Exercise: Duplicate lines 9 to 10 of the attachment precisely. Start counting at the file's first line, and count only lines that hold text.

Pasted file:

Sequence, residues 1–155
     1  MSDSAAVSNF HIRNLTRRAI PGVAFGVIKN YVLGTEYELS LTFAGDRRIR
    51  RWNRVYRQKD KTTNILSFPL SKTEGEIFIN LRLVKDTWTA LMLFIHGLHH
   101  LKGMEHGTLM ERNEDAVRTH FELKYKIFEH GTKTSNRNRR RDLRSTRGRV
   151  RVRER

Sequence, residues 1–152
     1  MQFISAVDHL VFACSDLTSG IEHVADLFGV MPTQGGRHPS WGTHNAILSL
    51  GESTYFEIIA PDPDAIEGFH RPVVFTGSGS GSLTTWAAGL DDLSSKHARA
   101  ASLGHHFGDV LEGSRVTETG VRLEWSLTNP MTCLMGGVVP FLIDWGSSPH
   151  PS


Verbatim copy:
   101  ASLGHHFGDV LEGSRVTETG VRLEWSLTNP MTCLMGGVVP FLIDWGSSPH
   151  PS